Managing Moisture

In 2003, John Fordham and two fellow engineers got together to start MoistTech in Sarasota, Florida, where they decided to take near-infrared (NIR) technology to the next level. “Recognizing such products already exist, our goal was to create not just another NIR moisture gauge, but to analyze the deficiencies of existing gauges and incorporate customer feedback and new technology available together with our extensive knowledge into a superior sensor design,� says MoistTech President Adrian Fordham. Today, MoistTech manufactures noncontact online sensors able to perform hundreds of measurements per second for thousands of applications. “Most other methods are in contact with the product, which causes the sensors to wear out,� Fordham explains. “Each sensor is customized to the application.� When it comes to the wood industry, manufacturing wood pellets requires the refining, drying and blending of wood waste prior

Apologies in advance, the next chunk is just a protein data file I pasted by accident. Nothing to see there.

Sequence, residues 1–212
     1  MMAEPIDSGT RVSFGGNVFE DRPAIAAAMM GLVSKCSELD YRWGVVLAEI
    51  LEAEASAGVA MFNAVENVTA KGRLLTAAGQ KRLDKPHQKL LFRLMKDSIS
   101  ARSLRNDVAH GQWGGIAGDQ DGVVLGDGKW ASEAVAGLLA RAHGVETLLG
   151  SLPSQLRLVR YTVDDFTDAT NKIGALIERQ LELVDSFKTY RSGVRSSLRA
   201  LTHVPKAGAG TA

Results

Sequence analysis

to entering the pellet press. For a consistent and on-spec product, feedstock quality, moisture content and consistency matters. “By integrating MoistTech’s IR3000 into the process, users can monitor 100 percent of their product quality, instantly and consistently,� Fordham explains, which often results in significant energy savings in cases that overdrying has been an issue. Most chip purchasers weigh wet chips but pay chip suppliers based on dry chips delivered, Fordham continues, and to calculate the bone-dry tonnage delivered, a representative chip moisture content is applied to the wet weight of chips delivered to the mill. “MoistTech sensors can be installed at just about every location of incoming material feed—it’s not limited to truck dumpers, stackers and reclaimers,� he says. “Incoming wood from yard storage can vary largely based on the supplier, weather and season to name a few, so installing the IR3000 above the conveyed material, plant controls can monitor this moisture content instantly and accurately.�